I love an old story that circulates in my family about my great-great grandfather, a fiery circuit-riding preacher named John Martin McBrayer. “The Reverend,” or just “Preacher,” as he was known, traversed the Southern Appalachians on horseback, going church to church, camp meeting to camp meeting, and revival to revival preaching anywhere he was given an opportunity.
Ultimately he settled down (I think his wife got tired of him leaving her with the 12 children each week) and started a Baptist church in North Georgia. He would fill that pulpit for the much of the remainder of his life, and when he died, he was laid to rest in the red dirt of that church’s cemetery.
It was the early 1900s and drought was smothering the Georgia countryside. Farmers were desperate. Their crops were burning up in the fields, their cattle was dying of thirst, and everyone thought the river would run dry. So a Saturday prayer meeting was called, a meeting to pray for rain.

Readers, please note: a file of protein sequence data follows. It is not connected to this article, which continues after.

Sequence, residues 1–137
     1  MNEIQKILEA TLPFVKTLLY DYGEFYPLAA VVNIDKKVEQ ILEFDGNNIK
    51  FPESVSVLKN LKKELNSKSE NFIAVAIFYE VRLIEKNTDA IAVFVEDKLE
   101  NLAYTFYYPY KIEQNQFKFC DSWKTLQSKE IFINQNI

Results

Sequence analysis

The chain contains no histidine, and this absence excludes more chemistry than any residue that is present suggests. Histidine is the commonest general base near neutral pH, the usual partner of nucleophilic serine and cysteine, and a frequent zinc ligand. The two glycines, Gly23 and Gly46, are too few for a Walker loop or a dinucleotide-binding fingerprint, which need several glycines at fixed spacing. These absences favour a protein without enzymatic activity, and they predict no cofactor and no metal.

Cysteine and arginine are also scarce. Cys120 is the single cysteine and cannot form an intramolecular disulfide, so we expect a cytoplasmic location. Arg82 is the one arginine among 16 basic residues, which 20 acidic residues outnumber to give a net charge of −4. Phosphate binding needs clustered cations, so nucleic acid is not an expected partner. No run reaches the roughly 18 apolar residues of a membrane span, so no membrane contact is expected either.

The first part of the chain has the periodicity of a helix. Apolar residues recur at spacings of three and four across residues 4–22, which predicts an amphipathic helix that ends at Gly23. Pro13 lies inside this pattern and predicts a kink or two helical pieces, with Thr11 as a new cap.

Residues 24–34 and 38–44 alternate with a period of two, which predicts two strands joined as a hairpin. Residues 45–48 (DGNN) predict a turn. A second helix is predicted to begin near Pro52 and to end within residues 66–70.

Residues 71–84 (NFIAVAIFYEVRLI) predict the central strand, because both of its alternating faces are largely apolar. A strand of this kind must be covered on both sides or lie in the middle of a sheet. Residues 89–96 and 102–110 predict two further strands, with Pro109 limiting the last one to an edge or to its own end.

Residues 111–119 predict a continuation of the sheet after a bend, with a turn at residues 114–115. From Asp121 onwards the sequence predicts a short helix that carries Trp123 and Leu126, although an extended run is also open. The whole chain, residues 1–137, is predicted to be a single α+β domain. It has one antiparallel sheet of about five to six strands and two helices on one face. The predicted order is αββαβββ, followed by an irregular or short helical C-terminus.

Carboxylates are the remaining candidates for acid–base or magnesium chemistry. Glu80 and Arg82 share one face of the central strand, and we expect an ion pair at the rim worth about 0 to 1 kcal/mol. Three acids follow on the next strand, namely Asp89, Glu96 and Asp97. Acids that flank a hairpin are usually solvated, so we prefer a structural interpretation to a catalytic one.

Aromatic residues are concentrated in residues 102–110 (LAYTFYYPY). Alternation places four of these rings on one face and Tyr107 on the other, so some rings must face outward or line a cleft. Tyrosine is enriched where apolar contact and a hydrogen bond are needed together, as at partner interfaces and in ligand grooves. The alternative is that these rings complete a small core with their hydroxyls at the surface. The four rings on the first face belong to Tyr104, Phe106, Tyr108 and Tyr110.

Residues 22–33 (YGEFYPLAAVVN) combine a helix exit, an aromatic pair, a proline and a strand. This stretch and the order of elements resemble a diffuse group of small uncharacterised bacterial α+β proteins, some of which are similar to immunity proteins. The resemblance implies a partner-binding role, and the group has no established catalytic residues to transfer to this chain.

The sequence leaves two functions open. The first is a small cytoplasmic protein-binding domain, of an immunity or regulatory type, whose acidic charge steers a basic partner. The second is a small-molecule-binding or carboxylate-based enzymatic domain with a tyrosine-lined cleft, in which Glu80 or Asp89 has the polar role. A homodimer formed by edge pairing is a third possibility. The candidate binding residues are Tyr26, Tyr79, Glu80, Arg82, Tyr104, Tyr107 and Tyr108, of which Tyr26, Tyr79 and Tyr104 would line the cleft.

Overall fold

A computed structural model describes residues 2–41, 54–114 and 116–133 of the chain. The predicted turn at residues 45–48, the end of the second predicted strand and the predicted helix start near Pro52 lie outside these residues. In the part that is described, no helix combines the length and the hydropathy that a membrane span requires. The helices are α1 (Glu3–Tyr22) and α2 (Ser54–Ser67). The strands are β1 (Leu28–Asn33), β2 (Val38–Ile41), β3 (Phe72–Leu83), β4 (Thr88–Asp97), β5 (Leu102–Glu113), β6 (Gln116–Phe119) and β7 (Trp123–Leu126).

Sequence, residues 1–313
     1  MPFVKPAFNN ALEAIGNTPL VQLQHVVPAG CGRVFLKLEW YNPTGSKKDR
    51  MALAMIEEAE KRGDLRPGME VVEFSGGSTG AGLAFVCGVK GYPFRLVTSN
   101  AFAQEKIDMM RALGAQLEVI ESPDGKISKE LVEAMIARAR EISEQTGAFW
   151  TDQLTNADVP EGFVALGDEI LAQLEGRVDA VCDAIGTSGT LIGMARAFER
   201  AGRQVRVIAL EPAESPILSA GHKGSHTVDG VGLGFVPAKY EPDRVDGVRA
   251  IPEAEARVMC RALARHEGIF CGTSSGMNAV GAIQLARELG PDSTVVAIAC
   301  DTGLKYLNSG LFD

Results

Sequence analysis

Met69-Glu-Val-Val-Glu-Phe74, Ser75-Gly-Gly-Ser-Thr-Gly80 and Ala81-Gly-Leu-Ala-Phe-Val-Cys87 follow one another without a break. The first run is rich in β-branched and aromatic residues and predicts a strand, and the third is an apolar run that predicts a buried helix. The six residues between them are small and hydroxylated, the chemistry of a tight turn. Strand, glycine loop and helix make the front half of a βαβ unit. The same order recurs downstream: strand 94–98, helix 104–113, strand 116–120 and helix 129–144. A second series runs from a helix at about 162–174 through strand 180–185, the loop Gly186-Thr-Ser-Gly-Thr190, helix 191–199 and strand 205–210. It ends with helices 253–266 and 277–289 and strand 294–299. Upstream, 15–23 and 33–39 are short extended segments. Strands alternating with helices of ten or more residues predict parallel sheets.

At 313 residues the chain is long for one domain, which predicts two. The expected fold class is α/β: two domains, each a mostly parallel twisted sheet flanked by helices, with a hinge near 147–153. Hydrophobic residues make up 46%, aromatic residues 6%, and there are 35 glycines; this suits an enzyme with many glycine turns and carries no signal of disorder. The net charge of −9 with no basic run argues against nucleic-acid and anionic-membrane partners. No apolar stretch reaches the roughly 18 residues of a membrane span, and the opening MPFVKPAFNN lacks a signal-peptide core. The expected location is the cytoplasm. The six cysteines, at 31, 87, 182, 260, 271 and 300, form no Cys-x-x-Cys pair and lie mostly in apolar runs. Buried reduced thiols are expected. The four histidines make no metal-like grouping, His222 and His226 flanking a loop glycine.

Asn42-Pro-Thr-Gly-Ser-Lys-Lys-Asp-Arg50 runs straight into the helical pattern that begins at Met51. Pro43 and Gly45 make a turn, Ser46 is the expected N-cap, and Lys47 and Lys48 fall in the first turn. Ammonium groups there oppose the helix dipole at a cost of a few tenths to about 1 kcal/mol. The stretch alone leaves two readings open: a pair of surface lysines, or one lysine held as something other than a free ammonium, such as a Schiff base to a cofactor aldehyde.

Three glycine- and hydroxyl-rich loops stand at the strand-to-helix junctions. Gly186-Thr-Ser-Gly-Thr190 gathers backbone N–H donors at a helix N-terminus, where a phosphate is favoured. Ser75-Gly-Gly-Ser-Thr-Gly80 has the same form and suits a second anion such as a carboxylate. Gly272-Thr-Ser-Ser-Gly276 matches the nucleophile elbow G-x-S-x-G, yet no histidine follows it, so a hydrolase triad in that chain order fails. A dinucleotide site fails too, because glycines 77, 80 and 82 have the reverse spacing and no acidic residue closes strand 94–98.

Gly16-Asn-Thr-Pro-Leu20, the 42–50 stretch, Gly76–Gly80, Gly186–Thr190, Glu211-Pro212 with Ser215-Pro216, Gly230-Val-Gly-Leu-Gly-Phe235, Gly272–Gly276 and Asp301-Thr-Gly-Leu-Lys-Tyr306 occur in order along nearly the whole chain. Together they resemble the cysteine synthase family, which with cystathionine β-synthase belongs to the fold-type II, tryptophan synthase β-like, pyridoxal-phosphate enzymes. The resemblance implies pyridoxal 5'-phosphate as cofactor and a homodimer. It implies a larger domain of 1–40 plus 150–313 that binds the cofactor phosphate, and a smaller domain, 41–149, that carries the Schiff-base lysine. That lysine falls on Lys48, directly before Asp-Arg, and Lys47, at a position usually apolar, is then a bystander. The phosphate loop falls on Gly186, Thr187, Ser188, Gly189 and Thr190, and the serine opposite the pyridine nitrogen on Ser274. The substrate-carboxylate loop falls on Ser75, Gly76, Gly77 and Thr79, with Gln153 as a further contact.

A good portion of the community gathered, and in time, old John Martin came riding up on his pony. It took The Preacher a little while to come inside the church building, but when he did, he had his battered Bible in one hand and his heavy Western saddle and saddle blanket thrown over his shoulder.
“Well Preacher,” one man asked, “Why’d you bring your saddle in? You stayin’ all night till service in the morning?” Everyone laughed. I’m told that John Martin gave a mischievous chuckle himself. Then he answered, “No, I thought we’d be prayin’ for rain? I do believe the rest of you will be ridin’ home wet.”
Sure enough, before they all left the church that afternoon, the rains had come and the drought had been broken. And just as sure, most folks left on wet saddles and in drenched wagons while The Preacher trotted toward home as dry as dust (all while wearing that mischievous grin, I am certain).